By Ed Oswald | Sunday, March 29, 2009 at 10:30 pm
That could be true, if what we’re hearing about the buzz within Microsoft these days is correct. The Zune for all intents and purposes has been anything but a success for Microsoft. Redmond saw that Apple was wildly successful in controlling the experience from the top down, and decided to try to duplicate it.
In the process it all but abandoned its partners, casting PlaysForSure aside in favor of its own single store proprietary system a la Apple’s. The change all but meant certain death for just about every store that wasn’t either the Zune MarketPlace or iTunes, and most device manufacturers.
Fast forward to today. We’re now nearly three years out from Microsoft’s initial launch, and the company has very little to show for it. iPods still outsell Zunes by a 20-to-1 (or more) margin, roughly the same as it was at launch.
So what is Microsoft to do? According to our sources, the company is currently discussing marketing strategies going forward. But the most interesting aspect of this talk is that Redmond is apparently sharing information with key partners for the first time in the platform’s short history.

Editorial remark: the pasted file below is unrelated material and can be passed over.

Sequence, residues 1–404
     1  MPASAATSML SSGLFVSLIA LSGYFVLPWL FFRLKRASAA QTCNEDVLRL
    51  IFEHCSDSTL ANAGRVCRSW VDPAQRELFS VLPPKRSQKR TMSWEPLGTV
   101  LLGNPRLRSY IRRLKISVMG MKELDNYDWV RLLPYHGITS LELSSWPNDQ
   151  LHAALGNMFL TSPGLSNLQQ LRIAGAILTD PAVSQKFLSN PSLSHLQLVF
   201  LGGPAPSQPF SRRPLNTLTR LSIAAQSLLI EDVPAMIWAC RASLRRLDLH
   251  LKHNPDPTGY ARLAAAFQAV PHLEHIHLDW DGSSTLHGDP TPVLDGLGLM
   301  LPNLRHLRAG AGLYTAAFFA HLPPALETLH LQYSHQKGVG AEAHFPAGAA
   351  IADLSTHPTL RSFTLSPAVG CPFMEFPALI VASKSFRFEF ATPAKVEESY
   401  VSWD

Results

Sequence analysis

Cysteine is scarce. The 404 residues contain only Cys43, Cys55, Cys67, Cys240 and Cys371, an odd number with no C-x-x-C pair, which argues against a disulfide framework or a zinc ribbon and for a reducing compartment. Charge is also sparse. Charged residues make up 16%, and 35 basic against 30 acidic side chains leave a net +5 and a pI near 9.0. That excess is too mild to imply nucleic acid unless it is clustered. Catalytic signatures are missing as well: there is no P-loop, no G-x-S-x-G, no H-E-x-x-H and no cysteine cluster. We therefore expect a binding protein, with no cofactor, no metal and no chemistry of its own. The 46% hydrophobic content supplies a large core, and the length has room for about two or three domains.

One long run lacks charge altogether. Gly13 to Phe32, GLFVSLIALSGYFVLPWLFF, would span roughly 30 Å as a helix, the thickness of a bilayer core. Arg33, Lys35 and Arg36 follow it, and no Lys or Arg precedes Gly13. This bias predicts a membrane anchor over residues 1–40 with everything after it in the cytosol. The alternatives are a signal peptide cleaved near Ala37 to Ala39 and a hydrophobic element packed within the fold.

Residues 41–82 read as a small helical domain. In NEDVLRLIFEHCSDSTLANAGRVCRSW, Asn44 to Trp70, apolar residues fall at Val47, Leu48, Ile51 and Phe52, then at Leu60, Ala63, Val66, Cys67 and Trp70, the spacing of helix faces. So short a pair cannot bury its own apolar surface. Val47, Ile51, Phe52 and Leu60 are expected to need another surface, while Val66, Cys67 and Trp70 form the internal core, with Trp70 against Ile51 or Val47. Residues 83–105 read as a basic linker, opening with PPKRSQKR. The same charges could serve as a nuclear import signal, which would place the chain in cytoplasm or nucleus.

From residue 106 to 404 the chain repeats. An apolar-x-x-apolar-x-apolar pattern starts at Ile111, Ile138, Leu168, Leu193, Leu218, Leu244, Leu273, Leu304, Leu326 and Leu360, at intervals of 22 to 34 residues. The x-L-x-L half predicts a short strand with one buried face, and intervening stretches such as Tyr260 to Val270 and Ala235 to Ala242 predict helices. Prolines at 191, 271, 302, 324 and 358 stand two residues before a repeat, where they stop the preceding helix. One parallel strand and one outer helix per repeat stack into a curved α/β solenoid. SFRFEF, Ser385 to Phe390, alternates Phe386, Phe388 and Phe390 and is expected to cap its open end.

This would mark a definite change in strategy, and possibly indicates that Microsoft is finally admitting that the Zune platform in its current form is not working, and certainly not sustainable from a profitability aspect.
What information is being shared is not clear. But considering the time for refresh has typically been in the late summer-early fall time frame, if Microsoft is indeed going back to its partners, now would be the time to start talking.
Another possibility is that Microsoft may be pushing around an iPod+HP-like setup, although I would venture to guess manufacturers would likely be given more leeway in control over the product rather than just slapping their own logo on the thing.
My advice to Microsoft is to make nice with the partners you for all intents and purposes screwed over when you made the switch to Zune. You tried to go it alone, but it didn’t work. If you want to stay serious about the music device business, you need their help.
After all, the door is all but closing, and the iPod’s dominance shows no signs of fading. Anything but has become merely an imitator. If Microsoft doesn’t figure this out soon, it may find itself chasing a wild goose.